There have over the years been many different ways to making realistic loads for things such as Coal, Iron Ore, Timber, Ballast and so forth. Some companies make removable loads but being mass-produced tend to lack in realism. I personally make my own loads and in modelling an area with lots of coal traffic this means that I have to make a lot. So I have made a method of making loads for about 30p/50c per wagon, are removable and look very convincing.
To Start with we need something to simulate the load which in my case is coal. So I’m going to use coal scatter from WaR-World Ltd which is to scale for ’00’ and has a really good colour to it. Along with this I use a length of balsa wood preferably 6mm thick and a thinner length. You can get that from any hobby shop or most hardware store. Other things you will need are:
Measure the inside of the wagon to be fitted and then cut a piece of 6mm balsa that is smaller than the internal space so that the load is easy to move in and out. I
personally leave a 2-3mm gap on the end so I can use a piece of very stiff steel wire with the small bit at the end bent at 90 degrees to lift out the load easily. I do this simply by twisting the rod after inserting it and pulling up the load.
Next cut some smaller pieces of thin balsa gluing them to the bottom of the larger piece. Keep adding pieces until the top of the balsa sits 4mm below the top of the wagon when
fully down. After this you can paint the top to whatever colour matches your load . In my case this is black to match coal.
Next take a wide strip of Cling-film and place it over the wagon and push the balsa form down into the wagon until it sits fulling in place. Now pour some of the ‘coal’ into the wagon so there is enough to cover the whole area and create a domed shape to the coal, but i will leave that up to your discretion.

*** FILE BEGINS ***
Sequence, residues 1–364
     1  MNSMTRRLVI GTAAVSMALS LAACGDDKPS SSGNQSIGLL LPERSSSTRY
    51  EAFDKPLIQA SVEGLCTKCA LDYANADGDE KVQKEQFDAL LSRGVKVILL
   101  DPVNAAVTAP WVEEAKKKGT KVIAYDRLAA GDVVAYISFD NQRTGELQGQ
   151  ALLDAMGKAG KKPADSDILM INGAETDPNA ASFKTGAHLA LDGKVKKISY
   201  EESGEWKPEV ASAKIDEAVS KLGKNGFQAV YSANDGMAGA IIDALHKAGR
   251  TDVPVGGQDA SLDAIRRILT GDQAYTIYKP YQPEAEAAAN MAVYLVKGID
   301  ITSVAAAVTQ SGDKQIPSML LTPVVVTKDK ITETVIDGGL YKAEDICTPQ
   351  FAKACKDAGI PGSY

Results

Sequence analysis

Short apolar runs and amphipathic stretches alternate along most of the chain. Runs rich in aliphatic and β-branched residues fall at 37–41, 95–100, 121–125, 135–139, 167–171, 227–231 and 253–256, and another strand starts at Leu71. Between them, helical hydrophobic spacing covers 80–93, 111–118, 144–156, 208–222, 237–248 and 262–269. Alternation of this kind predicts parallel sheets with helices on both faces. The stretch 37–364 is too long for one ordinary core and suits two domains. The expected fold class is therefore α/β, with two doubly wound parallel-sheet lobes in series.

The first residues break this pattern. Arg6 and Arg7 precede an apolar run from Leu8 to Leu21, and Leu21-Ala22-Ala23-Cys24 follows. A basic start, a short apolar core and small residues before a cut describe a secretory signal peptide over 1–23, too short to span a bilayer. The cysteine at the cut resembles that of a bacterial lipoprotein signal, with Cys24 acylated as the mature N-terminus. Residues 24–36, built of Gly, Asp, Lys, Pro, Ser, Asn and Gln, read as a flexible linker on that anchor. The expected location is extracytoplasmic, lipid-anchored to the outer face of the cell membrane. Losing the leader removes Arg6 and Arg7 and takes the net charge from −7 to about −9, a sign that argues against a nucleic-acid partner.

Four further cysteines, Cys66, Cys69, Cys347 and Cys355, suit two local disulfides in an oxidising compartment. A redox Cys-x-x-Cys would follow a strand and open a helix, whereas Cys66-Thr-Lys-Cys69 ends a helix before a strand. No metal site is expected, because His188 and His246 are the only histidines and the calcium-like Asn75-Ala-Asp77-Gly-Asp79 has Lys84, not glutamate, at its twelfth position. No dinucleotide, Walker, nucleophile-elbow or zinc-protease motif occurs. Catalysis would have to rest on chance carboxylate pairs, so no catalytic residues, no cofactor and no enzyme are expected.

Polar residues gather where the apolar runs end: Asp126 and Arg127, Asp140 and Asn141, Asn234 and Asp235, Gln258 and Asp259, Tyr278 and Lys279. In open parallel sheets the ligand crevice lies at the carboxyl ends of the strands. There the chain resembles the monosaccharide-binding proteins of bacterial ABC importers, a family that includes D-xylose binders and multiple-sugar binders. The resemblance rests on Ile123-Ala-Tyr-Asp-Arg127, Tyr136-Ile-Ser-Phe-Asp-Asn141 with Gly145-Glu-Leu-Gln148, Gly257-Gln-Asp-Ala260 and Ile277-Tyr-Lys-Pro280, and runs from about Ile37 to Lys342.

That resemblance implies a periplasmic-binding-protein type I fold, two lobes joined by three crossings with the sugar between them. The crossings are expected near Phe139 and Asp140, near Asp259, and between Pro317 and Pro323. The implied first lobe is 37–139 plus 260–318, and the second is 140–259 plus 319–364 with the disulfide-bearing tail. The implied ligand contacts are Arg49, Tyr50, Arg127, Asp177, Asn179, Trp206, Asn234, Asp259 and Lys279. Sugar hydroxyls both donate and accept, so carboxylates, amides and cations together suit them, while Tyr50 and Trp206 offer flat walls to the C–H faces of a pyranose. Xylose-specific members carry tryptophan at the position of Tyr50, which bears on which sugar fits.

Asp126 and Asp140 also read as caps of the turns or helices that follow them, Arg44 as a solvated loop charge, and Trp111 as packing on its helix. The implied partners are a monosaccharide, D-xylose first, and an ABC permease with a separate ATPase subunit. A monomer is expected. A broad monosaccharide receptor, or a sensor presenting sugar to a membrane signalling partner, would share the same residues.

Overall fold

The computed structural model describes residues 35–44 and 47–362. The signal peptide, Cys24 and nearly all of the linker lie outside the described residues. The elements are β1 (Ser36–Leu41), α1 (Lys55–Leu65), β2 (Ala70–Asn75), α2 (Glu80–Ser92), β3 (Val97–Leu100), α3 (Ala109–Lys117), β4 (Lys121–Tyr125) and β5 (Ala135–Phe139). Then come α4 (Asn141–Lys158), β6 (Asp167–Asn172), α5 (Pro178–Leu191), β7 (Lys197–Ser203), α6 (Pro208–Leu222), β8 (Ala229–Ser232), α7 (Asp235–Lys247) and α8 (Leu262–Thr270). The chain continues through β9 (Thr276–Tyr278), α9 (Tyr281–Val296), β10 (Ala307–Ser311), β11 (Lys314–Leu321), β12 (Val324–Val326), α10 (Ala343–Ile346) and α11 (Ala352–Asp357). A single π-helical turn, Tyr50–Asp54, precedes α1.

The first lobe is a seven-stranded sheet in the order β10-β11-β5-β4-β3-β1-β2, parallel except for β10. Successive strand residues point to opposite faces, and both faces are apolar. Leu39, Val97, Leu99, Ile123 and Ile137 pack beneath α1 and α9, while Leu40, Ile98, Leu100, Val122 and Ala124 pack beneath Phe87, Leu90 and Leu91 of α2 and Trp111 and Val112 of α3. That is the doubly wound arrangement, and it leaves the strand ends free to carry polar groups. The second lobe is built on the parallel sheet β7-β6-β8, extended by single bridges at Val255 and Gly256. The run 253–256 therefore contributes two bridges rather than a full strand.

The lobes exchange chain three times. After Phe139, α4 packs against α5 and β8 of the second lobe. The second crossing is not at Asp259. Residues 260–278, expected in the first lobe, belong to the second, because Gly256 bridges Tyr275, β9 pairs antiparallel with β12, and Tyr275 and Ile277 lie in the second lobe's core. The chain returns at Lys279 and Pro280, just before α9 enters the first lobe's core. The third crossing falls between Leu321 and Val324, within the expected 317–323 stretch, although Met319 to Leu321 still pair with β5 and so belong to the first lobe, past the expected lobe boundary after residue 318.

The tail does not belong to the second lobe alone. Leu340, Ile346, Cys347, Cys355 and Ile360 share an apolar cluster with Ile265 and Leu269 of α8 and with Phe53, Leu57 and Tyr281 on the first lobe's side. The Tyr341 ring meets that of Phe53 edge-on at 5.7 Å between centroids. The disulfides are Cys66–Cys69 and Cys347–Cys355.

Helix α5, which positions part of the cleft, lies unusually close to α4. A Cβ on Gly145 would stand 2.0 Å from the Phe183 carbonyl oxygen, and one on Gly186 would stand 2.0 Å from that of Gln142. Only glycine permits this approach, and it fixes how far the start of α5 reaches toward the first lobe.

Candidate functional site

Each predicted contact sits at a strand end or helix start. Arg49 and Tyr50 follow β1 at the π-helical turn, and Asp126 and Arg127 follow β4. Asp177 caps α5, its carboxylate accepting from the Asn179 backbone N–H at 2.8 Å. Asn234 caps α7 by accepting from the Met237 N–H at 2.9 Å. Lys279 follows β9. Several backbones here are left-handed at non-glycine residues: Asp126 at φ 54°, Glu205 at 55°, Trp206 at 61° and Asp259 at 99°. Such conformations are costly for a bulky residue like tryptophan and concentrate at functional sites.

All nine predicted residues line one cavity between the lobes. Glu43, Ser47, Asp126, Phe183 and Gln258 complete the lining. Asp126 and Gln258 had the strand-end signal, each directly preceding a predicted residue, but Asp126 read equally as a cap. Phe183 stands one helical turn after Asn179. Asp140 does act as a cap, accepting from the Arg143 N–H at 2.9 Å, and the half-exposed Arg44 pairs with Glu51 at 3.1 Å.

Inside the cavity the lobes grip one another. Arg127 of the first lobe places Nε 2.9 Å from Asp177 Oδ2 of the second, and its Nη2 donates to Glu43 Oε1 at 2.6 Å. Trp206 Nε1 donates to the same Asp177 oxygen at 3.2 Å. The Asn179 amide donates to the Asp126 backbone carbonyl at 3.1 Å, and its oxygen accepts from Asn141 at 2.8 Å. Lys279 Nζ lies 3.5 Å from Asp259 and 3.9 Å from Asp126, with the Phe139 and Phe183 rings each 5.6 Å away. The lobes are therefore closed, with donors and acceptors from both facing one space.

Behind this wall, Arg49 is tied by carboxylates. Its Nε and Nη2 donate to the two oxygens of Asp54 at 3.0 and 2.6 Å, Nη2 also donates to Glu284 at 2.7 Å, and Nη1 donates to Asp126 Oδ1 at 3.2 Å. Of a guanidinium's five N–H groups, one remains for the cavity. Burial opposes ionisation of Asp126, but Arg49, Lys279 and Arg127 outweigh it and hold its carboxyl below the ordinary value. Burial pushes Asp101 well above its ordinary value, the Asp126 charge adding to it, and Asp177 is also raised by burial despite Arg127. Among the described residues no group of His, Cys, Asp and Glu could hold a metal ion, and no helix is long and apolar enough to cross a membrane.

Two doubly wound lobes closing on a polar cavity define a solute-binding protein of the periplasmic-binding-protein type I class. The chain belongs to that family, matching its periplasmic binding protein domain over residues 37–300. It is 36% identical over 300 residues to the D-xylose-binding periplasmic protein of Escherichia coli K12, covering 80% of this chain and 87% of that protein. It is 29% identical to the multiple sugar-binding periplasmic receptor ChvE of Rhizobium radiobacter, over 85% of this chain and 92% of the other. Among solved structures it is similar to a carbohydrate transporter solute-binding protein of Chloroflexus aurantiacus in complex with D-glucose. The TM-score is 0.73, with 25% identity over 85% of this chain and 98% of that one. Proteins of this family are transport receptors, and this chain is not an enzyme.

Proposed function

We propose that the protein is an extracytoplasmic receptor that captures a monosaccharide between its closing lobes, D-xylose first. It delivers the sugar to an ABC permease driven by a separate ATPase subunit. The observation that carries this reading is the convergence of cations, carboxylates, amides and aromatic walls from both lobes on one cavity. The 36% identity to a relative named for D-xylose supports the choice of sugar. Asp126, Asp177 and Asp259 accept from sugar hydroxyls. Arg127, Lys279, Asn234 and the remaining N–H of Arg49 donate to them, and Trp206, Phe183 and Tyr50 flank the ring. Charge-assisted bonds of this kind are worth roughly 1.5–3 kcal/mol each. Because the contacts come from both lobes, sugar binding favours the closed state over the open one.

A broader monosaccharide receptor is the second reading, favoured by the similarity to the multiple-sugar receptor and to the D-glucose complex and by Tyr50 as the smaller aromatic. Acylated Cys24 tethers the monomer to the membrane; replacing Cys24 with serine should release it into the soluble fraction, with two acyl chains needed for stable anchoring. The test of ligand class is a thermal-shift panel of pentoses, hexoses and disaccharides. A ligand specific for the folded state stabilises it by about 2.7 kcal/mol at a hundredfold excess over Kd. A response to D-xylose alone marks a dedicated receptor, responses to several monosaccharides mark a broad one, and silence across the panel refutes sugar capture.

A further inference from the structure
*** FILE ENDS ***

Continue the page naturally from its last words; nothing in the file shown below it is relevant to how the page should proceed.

Now this step is very similar to laying ballast in place. Take some water with a drop of wasting up liquid in it and with a spray
bottle or dropper apply to the ‘coal’ letting it sit for a few minutes before adequately applying a 40/60 mix of water and PVA. Make sure that all the material around the edges is thoroughly soaked. Now leave it to the side to dry solid for a day or two in a warm place.
When the glue is solid pull out the whole load by putting the Cling-film ends together and pulling the load out. Sometimes the glue doesn’t make it all the way through the material which easily fixed by repeating step 4. Once the load is out gently pull off the Cling-wrap. Now some bits of coal will fall off but thats nothing to worry about because thats why we painted the balsa. Now we take some PVA and apply it around the entire edge of the coal and take a finger to wipe any excess away and force the glue into and gaps making sure that everything on the side is covered in glue. This will, when dry, prevent the edge from crumbling apart. When dry take a file or very sharp knife and smooth thesides of the load so that they are not hard to place/remove from the wagon. Now you are ready to go.
Now these can be mass produce or even have an assembly line if you have many of the same loads to make. Cheaply.